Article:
The Central Bank of Nigeria (CBN) has denied allegations that there are people using the Bank to fund the activities of Boko Haram.
This was disclosed in a letter dated 16 October 2014 and addressed to Socio-Economic Rights and Accountability Project (SERAP).
The letter with reference LSD/ACL/GEN/SRP/02/090 and signed by O.A. Ogundana on behalf of the Director, Legal Services Department of the Bank reads in part: “We write to acknowledge the receipt of your letter dated 15th September 2014 on the subject captioned: request to provide information about alleged money laundering to Boko Haram through the Bank.”
“In your letter you had requested from the CBN information about persons or office involved in alleged money laundering activities of the Boko Haram through the CBN; and information on the exact nature and duration of any such transactions.”
“We wish to inform you that after investigating the allegations across various Departments at the Bank that deal with payments, the Bank could not find any information pertaining to persons involved in money laundering through the CBN to fund the activities of Boko Haram.”
“The CBN as Banker to the Federal Government only maintains accounts for and on behalf of the Government, its Ministries, Departments and Agencies; Deposit Money banks and other financial institutions in Nigeria and can only make payments on their behalf based on authorized mandates.”
“Consequently, the CBN does not maintain or operate any accounts for individuals, officers or offices within the Bank. In conclusion, your organization may wish to note that the Bank maintains a robust Anti-Money Laundering/Combating the Financing of Terrorism framework to prevent the use of its platform for financial crimes. Please, accept the assurances of the Governor, Central Bank of Nigeria.”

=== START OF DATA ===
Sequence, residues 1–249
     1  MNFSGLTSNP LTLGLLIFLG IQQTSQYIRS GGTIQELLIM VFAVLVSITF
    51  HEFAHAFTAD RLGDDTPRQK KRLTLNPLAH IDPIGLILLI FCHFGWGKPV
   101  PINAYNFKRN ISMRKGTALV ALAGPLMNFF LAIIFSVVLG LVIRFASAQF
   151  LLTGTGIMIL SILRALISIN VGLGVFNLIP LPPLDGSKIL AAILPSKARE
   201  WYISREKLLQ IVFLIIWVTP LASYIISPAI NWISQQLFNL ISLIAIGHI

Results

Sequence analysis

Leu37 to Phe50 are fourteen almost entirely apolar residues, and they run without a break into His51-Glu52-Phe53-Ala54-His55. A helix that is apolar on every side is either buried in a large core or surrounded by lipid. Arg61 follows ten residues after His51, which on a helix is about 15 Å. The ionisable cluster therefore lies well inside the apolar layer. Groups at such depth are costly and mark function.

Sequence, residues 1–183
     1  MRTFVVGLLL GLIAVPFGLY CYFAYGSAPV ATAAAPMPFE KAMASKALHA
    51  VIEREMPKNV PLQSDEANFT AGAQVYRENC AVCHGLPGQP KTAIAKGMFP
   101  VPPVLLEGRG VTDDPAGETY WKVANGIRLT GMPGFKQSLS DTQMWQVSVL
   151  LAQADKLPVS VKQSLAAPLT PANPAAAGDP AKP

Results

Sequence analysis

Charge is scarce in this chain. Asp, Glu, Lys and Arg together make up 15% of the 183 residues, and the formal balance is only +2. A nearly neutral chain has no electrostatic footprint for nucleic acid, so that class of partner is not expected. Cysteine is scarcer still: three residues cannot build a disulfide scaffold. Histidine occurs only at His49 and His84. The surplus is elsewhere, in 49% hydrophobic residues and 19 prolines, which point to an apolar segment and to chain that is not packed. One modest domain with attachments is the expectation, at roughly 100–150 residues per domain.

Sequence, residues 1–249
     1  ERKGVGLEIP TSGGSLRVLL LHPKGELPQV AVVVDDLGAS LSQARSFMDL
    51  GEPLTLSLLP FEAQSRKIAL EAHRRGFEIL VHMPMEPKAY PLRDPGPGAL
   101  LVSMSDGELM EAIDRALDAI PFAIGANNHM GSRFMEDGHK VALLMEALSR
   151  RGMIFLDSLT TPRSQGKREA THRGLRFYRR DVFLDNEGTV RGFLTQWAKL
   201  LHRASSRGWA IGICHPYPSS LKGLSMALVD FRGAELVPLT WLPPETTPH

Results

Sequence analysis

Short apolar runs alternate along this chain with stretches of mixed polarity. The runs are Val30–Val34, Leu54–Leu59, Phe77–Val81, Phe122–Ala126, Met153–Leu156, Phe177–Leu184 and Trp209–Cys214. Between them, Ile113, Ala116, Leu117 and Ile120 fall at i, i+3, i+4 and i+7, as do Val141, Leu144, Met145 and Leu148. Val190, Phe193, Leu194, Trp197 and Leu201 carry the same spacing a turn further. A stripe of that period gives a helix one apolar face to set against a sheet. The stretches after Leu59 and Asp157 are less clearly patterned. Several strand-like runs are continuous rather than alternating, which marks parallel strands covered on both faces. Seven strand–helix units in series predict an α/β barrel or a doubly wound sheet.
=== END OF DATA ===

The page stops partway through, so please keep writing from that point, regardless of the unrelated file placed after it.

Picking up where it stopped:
It would be recalled that following its freedom of information request, SERAP had on 14 October sued the CBN at the Federal High Court Ikoyi. The originating summons with suit number FHC/L/CS/1547/2014 was filed on behalf of the organization by Adetokunbo Mumuni.
Among others, SERAP is seeking the court to determine “Whether by virtue of the provision of section 4(a) of the Freedom of Information Act 2011, the CBN is under an obligation to provide the plaintiff with the information requested for.”
According to SERAP, “a necessary implication of the rule of law is that a public functionary and institution can only act in accordance with law, as to do otherwise may enthrone arbitrariness. Obedience to the rule of law by all citizens but more particularly those who publicly took oath of office to protect and preserve the constitution is a desideratum to good governance. In a democratic society, this is meant to be a norm; it is an apostasy for public institutions like the CBN to ignore the provisions of the law.”